The power to influence the world for good isn’t a power that gets released when we wrestle ruling authority away from our opponents. The power of the gospel is the power of the cross; the power we have even when our enemies are the ones sitting as rulers, as judges, and as executioners; the power we have when we are nailed into a completely “powerless” position.

The pagan paradigm was put to the ultimate test when Jesus was nailed to the cross. And the pagan paradigm was shattered when Jesus rose from the dead.

It’s time to break free from the pagan paradigm.

Does God Expect Governments to Love Their Enemies?

Must governments love their enemies? Are militaries required “turn the other cheek”? Does “do not resist an evil person” apply to police forces? In light of all that the Bible teaches about how to treat enemies, should nations have militaries at all?

Was The New Testament Written to Reform Governments?

The New Testament was not written as a moral code to reform all the disorders and evils of the political powers. The New Testament was not written to fill the world with so-called “Christian nations.”

Matthew 4.17 identifies the theme of Jesus’ teaching as “Repent, for the kingdom of heaven is at hand.” Jesus’ hearers knew what the word “kingdom” meant. They were familiar with the Egypitians, the Assyrians, the Babylonians, and now the Romans. But the Kingdom preached by Jesus was to be distinguished from any of these earthly kingdoms. The kingdom preached by Jesus was the “kingdom of heaven.” That is, it was a kingdom from heaven. In other places it is described as the “kingdom of God.” In John 18.36, Jesus made the nature of his kingdom clear. “My kingdom is not of this world. If my kingdom were of this world, then My servants would be fighting so that I would not be handed over to the Jews; but as it is, My kingdom is not of this world.” Yes, Jesus came to establish His kingdom in the world, but his kingdom is not of this world.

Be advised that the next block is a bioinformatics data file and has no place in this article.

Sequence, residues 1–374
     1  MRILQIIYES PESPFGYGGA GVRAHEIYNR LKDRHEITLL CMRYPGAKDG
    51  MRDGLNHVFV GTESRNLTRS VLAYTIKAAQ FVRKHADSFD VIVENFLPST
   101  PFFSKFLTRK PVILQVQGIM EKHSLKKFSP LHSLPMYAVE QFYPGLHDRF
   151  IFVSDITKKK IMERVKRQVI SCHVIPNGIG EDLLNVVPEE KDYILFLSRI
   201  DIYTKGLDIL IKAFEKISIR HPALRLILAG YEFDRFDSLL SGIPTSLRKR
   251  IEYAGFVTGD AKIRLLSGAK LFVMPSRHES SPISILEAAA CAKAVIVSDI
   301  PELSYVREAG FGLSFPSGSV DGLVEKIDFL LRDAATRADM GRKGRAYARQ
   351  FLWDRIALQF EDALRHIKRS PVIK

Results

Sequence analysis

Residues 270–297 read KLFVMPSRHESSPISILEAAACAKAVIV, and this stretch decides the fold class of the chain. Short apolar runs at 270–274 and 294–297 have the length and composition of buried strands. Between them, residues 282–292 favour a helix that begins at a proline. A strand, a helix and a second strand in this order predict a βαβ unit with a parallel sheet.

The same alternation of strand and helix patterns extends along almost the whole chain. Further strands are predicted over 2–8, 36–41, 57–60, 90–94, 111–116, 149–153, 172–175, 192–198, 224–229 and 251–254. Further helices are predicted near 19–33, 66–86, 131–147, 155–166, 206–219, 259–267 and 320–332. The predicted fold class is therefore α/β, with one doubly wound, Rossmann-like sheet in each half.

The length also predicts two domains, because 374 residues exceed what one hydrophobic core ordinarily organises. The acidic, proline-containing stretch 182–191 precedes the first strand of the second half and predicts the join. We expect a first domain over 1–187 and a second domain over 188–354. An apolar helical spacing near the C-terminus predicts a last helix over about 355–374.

There is an important distinction made between the kingdoms of this earth and the kingdoms of this world. Earthly kingdoms are under the authority of earthly rulers. The heavenly kingdom is under the authority of the heavenly Father. Earthly kingdoms fight. Those in Jesus’ kingdom do not fight.

The teachings found in the Sermon on the Mount (and throughout the whole New Testament) are the teachings of the kingdom of heaven, not the teachings of any earthly kingdom. Their purpose is not to reform the world by making earthly kingdoms moral, but rather to set apart the disciples of Jesus as “salt” and “light” to be distinguished from the rest of the world.

Paul understood that “loving your enemies” is an essential requirement for those who follow Jesus (Rom. 12.14-13.2). But Paul also understood that we cannot please God unless we have the Spirit of God (Rom. 8.5-16). We cannot love our enemies unless we first present our bodies as living sacrifices and are transformed by the renewing of our minds (Rom. 12.1-2).

Paul recognized that those who are outside of Christ are in darkness (Eph. 2.1-3). Therefore Paul appealed to Christians not to judge those who are outside the church, but rather to leave their judgment to God (1 Cor. 5.11-12).

The New Testament Is Silent on How Earthly Rulers Should Govern